SDG 6: Should public toilet complexes have more blocks for women?
On the occasion of the World Toilet Day on November 19, 2019 the United Nations expressed serious concerns on lack of toilet facilities for 4.2 billion people in the world. However, there is another aspect of the problem. The needs of female toilet blocks at public places are increasing because more and more women are breaking the traditional boundaries and actively participating in socio-economic activities throughout the world.Siddheshwar Shukla | Updated: 19-11-2019 23:17 IST | Created: 19-11-2019 23:17 IST
Toilet is a basic need of every human being, it is due to this the UN has included a target under SDG 6 to provide toilet for every person by 2030 and prominently highlighted this on World Toilet Day 2019 (#WorldToiletDay2019). However, the requirement for toilet spaces is now taking a gender perspective.
As across the communities more and more women are coming out of the four walls of the home, the need of female toilet blocks particularly urinals at public places are increasing which is compelling the policy makers to think – what should be the ideal ratio for women toilet blocks in the public toilet complexes?
Highlighting the importance of toilets on the occasion of World Toilet Day on 19th November, 2019 the United Nations in a statement said, "A toilet is not just a toilet. It's a life-saver, dignity-protector and opportunity-maker. Whoever you are, wherever you are, sanitation is your human right,". However, this human right is not available to all as according to the UN about 4.2 billion people, almost half of the world population live without safely managed sanitation.
Though the British Standards Institution has recommended a ratio of 2:1 for public toilet complexes which means for every single toilet block constructed for men there should be two toilet blocks for women, these guidelines are rarely followed. This is because creating male urinals require less space and cost than creating female toilet blocks. The sanitation agencies throughout the world create more urinal blocks for men than toilet seats for women. This pattern was ideal when there were less women on public places than men but now as women are coming out in the public places, the requirement has increased.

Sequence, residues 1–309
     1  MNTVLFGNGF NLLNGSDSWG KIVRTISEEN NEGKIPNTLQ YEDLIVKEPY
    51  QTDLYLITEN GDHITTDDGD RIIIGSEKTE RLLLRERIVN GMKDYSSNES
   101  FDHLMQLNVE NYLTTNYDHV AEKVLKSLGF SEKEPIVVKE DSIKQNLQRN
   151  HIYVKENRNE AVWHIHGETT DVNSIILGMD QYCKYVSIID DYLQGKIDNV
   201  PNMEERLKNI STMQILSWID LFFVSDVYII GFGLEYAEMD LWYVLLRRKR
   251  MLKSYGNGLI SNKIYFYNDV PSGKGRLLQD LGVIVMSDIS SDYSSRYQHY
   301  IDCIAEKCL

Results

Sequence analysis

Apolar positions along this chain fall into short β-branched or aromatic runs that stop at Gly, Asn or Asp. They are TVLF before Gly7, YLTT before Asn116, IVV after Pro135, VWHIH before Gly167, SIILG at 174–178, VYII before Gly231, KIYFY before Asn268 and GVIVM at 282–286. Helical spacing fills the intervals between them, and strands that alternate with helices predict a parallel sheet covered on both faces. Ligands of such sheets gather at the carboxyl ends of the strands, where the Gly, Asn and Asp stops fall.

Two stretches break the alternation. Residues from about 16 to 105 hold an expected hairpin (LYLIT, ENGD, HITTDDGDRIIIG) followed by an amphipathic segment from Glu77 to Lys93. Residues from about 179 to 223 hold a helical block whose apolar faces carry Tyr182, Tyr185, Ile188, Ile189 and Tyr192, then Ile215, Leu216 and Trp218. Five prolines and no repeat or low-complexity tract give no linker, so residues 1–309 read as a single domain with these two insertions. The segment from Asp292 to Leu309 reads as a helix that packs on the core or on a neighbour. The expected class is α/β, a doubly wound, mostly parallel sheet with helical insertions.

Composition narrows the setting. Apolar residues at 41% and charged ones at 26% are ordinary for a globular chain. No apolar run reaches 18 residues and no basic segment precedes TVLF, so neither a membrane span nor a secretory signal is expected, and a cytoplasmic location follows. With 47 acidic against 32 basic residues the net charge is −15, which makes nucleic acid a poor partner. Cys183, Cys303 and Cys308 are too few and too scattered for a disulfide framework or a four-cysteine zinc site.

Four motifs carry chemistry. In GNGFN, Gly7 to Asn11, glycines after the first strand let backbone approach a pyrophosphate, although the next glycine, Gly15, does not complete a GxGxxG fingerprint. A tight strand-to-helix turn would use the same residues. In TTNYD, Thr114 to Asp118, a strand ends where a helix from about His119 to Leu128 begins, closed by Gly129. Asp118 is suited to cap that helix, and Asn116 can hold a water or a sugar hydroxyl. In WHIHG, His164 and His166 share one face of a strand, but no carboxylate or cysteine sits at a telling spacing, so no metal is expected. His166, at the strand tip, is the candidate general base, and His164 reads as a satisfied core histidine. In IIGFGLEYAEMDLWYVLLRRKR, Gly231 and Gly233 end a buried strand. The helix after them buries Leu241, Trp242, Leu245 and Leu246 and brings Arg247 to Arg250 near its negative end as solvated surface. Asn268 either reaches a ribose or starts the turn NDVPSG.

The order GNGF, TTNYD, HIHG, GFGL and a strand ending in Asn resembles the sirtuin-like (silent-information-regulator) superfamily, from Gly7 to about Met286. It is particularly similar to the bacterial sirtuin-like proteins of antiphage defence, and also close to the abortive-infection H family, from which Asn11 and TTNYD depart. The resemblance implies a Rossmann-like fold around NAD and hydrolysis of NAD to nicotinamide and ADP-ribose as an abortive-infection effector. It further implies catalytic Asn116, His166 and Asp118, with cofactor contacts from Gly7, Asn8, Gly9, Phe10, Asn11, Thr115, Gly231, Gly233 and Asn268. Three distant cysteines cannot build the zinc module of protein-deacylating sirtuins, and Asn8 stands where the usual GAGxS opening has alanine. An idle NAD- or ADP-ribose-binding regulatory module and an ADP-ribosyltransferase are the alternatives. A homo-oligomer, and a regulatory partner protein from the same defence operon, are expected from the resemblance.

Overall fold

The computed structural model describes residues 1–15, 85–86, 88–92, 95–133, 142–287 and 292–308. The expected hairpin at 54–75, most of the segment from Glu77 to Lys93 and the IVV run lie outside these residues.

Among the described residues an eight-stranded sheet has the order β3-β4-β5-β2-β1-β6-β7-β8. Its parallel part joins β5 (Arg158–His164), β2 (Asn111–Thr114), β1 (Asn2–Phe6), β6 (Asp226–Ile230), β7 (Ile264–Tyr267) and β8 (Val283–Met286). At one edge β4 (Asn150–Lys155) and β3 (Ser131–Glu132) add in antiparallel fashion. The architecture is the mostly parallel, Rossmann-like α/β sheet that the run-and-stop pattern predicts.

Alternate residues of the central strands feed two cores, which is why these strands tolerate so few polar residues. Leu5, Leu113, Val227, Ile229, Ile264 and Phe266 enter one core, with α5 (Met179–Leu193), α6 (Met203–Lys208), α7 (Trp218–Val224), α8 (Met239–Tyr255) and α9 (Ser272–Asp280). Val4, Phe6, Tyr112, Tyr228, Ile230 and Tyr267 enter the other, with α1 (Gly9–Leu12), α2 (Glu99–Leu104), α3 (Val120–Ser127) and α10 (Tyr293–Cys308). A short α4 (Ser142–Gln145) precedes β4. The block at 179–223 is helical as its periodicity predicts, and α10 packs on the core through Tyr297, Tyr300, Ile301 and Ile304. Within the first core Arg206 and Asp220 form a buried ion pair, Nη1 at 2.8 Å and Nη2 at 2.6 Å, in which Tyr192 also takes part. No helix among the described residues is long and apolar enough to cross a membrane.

Furthermore, most of the agencies throughout the world have no proper guidelines for making toilets for the transgender community who also need to be made aware about their rights. According to some reports, the members of transgender and gender non-conforming people face hostility and even attacked if they are perceived to be in the wrong toilet.
In the line of the Sustainable Development Goal (SDG) 6 which promises sanitation for all by 2030, the United Nations on the occasion of World Toilet Day 2019 gave a call to provide toilet facilities for all. However, the problem is not confined to just providing toilet facilities to 4.2 billion people. This is because this target is primarily focused for addressing household requirements.
The policy makers and implementing agencies need to design a plan to meet the requirements of toilets at public places. In fact, this problem of increased waiting time due to long queues in front of female public toilets is often visible at places of public gathering such as cinema halls, transport hubs etc. "The ladies are about to storm the men's loos", said British actor Joanna Lumley in an appeal to increase the number of toilets for women who face long lavatory queues at London's historic Old Vic theatre, last year. In England, the historic places like Victorian theatres often face this problem due to lack of space for more toilets. The international agencies need to focus on the target of SDG 6 which commits to paying special attention to the needs of women and girls and those in vulnerable situations.
Will the implementing agencies come with a better plan for appropriate number of female toilet blocks to meet the increasing requirements of women at public places? This is still a million dollar question.
(Disclaimer: The opinions expressed are the personal views of the author. The facts and opinions appearing in the article do not reflect the views of Devdiscourse and Devdiscourse does not claim any responsibility for the same.)
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